And isn’t it telling that Conservative candidates in this election have been told by Tory HQ that they’re not allowed to pledge to tackle the climate emergency? They’re not allowed to pledge not to privatise our NHS. They’re not allowed to pledge not to sell out our NHS in a trade deal with Donald Trump.
Well let’s make our own pledge, all of us together. We pledge that we will never let them put a price tag on our NHS. We’ll never let them send £500m a week of NHS money to big US drugs corporations. We’ll never let Donald Trump get his hands on our National Health Service. Because our NHS is not for sale.
But you know there is something that Conservative candidates are allowed to pledge. Tory HQ says they can pledge to defend shooting animals for sport. Doesn’t that tell you all you need to know about the Conservatives?
Actually there is one more thing you need to know. They shamefully seem to think the victims of the Grenfell fire died because they didn’t have the common sense to save themselves. I’ll tell you what’s common sense:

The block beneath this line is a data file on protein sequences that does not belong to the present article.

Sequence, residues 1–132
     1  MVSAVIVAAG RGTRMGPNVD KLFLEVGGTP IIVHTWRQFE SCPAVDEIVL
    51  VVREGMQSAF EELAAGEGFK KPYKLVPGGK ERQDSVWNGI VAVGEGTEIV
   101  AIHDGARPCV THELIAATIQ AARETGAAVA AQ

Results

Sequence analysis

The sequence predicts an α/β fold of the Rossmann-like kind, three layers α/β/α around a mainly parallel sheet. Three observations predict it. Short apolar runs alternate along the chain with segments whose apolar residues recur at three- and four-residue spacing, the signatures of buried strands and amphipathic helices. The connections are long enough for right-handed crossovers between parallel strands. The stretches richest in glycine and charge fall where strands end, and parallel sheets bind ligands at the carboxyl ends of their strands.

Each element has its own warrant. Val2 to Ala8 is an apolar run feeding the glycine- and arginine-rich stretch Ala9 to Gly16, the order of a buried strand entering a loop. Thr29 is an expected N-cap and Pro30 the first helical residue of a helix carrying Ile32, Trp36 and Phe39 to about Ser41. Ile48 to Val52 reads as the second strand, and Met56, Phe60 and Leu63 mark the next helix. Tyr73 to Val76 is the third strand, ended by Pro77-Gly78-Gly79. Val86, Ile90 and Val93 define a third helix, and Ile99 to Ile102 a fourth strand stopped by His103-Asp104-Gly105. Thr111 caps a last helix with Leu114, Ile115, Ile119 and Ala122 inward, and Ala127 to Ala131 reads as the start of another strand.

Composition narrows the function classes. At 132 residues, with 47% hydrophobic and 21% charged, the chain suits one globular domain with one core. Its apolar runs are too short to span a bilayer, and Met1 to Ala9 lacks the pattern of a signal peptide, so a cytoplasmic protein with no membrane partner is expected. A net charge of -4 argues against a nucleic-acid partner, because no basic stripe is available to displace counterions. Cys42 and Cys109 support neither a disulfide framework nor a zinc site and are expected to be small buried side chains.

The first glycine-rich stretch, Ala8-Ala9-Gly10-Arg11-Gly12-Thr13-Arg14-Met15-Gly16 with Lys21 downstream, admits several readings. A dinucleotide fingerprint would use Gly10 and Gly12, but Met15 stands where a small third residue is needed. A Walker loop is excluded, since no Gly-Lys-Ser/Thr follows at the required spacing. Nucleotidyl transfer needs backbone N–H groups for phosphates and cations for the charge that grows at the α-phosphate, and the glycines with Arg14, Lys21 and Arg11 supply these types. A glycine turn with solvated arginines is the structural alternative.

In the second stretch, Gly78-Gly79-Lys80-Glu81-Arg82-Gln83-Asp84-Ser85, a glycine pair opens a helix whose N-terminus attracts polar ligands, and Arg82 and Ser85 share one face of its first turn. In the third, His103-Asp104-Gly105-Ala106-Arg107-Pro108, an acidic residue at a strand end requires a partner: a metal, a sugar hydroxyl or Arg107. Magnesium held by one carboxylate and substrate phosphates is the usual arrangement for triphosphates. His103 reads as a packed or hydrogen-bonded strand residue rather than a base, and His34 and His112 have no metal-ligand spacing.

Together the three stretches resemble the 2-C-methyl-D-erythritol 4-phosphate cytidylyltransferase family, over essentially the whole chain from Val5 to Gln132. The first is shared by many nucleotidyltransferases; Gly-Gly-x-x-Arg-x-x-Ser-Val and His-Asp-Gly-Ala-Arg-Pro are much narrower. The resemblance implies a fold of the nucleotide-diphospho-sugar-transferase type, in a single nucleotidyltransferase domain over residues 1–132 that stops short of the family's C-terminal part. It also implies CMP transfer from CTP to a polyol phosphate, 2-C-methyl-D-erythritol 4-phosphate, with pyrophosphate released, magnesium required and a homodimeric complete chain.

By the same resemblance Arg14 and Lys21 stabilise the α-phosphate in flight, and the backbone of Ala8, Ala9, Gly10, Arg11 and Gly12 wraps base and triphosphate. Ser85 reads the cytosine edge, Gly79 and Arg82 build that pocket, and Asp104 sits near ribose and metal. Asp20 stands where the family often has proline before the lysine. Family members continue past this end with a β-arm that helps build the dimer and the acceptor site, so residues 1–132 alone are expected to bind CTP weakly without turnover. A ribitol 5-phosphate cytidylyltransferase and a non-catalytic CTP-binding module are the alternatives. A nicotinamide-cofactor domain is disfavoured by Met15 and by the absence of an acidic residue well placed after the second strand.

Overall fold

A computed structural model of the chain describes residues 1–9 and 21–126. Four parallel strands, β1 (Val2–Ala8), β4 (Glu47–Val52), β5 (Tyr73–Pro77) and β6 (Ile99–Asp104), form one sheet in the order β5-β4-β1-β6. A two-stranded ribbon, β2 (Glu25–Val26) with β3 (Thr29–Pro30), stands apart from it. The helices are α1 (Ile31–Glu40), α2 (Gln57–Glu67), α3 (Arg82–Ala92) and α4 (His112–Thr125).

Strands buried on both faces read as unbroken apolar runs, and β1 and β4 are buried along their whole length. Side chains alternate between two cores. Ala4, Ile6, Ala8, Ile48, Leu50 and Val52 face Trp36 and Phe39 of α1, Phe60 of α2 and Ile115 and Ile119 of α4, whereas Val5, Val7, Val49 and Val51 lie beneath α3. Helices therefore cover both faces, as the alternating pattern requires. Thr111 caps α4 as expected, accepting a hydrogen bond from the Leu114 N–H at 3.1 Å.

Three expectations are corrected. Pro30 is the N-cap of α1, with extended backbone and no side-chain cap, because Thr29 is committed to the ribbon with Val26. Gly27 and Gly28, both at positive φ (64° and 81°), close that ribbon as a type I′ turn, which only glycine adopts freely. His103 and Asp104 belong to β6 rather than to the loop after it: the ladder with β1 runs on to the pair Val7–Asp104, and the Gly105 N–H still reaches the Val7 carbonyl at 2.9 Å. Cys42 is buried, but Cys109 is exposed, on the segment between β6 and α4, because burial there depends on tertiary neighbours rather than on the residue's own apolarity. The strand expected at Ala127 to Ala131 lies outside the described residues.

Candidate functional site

Don’t put flammable cladding on people’s homes. That’s common sense. Don’t close fire stations and don’t cut fire fighters. That’s common sense. And don’t ignore residents when they tell you their home is a death trap.
And what this all comes back to is what I was talking about earlier: leadership. Do you want leaders who think they’re above us all? Who think the rules they make for everyone else don’t apply to them? Or is good leadership really about listening as well as talking?
I’ve spent much of my life travelling around the country and the world listening to people. That’s how you learn about the world as people actually experience it – their struggles and their hopes, their dreams and their frustrations. And that’s why I believe that good leadership is about compassion and understanding not ego.
I want to lead a government that’s on your side. That puts power and wealth into your hands. I want to lead a government that works for you.
Friends, this election is a once in a generation chance. Together we will transform our country so that no one is held back and no community is left behind. It’s time for real change.